Balance is part of our everyday function. Balance training involves performing certain movements that strengthens the muscles that help keep you upright, including your legs and core. Having good balance allows you to walk without assistance and helps prevent injury.
And while it may be apparent when someone has particularly good or bad balance, there is actually much more happening internally than what we can see on the outside. The most common sources of declined balance are external substances and the aging process. But, there are things you can do to improve your sense of balance for the long run, and they can be done by anyone, regardless of age or ability. Though it might not cross your mind, you need good balance to do just about everything, including walking, running, getting out of a chair, standing while leaning over to tie your shoes and even working out. During the initial phase of my new clients training sessions, many are very surprised how poor their balance really is with some of the basic movements I ask of them. Having strong muscles and being able to keep yourself steady makes all the difference in those and many other things you do each day. Working on your balance might not be top priority in your adulthood, until it has become a serious issue and by that point, you could be on the ground with one slip of your footing. But improving your equilibrium can be easy by simply adding balance exercises to your training routine and paying attention to potential sources of balance impairments. Doing balance exercises can range from simple to intense movements. Some movements are as simple as standing on one leg for a few seconds and as intense as balancing on a bosu ball. You can do balance exercises as often as you'd like, even every day. Add in two days a week of strength training, which also helps improve your balance by working the muscles that keep you stable.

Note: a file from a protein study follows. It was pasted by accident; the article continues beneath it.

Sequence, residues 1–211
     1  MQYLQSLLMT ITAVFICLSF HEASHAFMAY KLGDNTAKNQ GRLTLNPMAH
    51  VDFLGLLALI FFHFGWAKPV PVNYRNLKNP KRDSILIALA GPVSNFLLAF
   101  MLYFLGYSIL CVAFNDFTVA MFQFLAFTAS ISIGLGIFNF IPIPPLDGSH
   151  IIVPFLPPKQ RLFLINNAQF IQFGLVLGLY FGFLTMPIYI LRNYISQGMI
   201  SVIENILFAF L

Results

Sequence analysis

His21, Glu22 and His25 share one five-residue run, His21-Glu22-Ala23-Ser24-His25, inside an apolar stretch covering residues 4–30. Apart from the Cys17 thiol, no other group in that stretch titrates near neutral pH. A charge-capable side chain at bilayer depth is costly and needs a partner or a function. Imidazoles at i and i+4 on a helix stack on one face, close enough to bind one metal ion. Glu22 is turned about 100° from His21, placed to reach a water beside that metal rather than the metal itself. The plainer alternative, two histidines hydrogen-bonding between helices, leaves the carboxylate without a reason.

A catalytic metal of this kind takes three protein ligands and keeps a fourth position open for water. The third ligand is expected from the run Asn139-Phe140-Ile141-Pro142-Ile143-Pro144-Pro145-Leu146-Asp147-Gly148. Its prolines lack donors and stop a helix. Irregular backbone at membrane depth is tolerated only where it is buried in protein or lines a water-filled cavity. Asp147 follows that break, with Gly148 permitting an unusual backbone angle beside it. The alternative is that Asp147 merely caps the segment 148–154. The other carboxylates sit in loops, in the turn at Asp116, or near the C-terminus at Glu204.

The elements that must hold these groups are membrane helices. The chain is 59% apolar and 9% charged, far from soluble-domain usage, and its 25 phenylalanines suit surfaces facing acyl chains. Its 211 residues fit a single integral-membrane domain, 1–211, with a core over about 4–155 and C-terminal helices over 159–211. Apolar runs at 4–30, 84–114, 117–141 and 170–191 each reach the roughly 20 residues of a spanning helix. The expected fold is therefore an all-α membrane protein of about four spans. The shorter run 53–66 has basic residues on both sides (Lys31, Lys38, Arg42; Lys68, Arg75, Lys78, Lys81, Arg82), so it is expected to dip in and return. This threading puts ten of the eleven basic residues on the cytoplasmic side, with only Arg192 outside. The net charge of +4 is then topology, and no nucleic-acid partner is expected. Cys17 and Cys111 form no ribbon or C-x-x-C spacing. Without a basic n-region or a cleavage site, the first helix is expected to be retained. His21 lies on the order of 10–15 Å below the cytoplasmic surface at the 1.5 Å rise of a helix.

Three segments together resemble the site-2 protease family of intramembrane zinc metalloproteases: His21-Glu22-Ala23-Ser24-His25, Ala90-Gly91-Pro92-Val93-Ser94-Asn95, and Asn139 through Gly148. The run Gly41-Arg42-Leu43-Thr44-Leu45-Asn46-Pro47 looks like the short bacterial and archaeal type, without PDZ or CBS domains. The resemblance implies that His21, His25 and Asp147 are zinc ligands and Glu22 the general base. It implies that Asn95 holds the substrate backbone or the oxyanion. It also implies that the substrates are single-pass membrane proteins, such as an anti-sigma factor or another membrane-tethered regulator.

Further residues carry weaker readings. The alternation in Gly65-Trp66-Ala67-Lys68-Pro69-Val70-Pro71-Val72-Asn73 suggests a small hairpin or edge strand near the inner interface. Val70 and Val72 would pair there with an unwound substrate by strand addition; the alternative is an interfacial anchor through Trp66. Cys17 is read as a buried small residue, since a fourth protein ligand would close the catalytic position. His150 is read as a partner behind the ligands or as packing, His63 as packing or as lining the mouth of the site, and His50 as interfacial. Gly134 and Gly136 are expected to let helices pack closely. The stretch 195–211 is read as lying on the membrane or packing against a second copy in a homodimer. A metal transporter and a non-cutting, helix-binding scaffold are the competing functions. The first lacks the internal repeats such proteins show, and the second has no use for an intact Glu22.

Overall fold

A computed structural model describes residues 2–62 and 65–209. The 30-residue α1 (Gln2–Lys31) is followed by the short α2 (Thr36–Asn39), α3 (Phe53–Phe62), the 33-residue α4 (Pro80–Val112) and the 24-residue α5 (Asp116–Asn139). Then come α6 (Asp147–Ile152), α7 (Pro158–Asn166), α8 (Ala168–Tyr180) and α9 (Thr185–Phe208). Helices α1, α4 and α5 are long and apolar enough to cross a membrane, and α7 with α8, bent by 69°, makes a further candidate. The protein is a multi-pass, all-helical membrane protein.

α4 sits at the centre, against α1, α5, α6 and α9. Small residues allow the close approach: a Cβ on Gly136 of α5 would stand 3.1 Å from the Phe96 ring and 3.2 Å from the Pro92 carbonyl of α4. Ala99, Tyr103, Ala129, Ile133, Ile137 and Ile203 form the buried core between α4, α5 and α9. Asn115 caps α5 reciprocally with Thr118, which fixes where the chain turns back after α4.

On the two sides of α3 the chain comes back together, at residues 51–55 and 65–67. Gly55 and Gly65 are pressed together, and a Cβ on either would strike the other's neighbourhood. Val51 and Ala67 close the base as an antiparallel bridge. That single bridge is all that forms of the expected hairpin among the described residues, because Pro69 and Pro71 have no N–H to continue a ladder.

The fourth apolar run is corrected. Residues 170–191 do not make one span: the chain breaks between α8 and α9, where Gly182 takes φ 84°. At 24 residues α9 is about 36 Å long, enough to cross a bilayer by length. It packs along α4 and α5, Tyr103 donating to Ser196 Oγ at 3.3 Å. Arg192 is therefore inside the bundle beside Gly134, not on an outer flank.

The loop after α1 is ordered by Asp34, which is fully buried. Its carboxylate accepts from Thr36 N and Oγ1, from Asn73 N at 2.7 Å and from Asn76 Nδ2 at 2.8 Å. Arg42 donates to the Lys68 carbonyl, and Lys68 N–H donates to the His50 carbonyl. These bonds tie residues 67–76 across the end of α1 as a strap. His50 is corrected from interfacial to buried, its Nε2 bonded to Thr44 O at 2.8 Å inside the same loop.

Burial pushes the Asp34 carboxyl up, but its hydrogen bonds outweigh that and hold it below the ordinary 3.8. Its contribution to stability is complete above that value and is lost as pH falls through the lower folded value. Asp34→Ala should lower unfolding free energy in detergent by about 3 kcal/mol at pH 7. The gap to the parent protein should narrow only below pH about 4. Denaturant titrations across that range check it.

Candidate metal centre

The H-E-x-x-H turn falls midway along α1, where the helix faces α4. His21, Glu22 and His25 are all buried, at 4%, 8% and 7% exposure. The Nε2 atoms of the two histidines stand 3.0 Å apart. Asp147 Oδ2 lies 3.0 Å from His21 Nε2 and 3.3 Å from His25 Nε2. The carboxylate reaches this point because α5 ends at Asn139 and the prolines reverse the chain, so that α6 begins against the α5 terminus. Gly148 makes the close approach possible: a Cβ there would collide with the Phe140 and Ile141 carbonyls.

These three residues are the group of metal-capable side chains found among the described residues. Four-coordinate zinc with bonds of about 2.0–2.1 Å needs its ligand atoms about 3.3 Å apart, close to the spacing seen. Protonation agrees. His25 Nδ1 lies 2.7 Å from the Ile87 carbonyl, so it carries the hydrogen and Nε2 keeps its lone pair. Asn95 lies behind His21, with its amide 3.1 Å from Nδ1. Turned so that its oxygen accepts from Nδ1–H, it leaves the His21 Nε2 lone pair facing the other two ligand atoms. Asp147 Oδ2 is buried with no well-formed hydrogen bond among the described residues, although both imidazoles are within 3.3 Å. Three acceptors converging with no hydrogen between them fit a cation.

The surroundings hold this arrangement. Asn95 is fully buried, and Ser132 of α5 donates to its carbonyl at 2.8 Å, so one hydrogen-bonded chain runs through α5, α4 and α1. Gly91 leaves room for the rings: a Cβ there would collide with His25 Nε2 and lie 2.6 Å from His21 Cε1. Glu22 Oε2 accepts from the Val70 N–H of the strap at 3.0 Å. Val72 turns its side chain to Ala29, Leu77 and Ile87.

Examples of balance movements include:
- Standing with your weight on one leg and raising the other leg to the side or in front of you
- Hoping on one foot
- Putting your heel right in front of your toe, like walking a tightrope
- Using a stability tool such as a bosu ball
You can improve your balance with these movements overtime:
- Holding the position for a longer amount of time
- Using a focal point to reach for with your hand
- Adding movement to a pose
- Closing your eyes
Single Leg Lift:
- Stand with feet at hip width.
- Keeping your head straight take a deep breath and slowly lift your right leg off of the floor. As you become more confident with the position bring your leg higher so that your knee is as close to your chest as you can comfortably manage.
- If you wobble and lose your balance, simply begin again or use your opposite arm to assist your balance.
- Hold for 10 to 15 seconds on each leg. Perform 5 times on each leg.
- Repeat with your other leg
Ashley LaMorte is a nationally certified fitness instructor and has been in the fitness industry for many years. Over the years Ashley has gotten the opportunity to instruct group X boot camps at gyms and train private clients from all walks of life, all over the bay area. She now has her own mobile fitness business LaMorte Lift. You can learn more about Ashley at LaMorteLift.com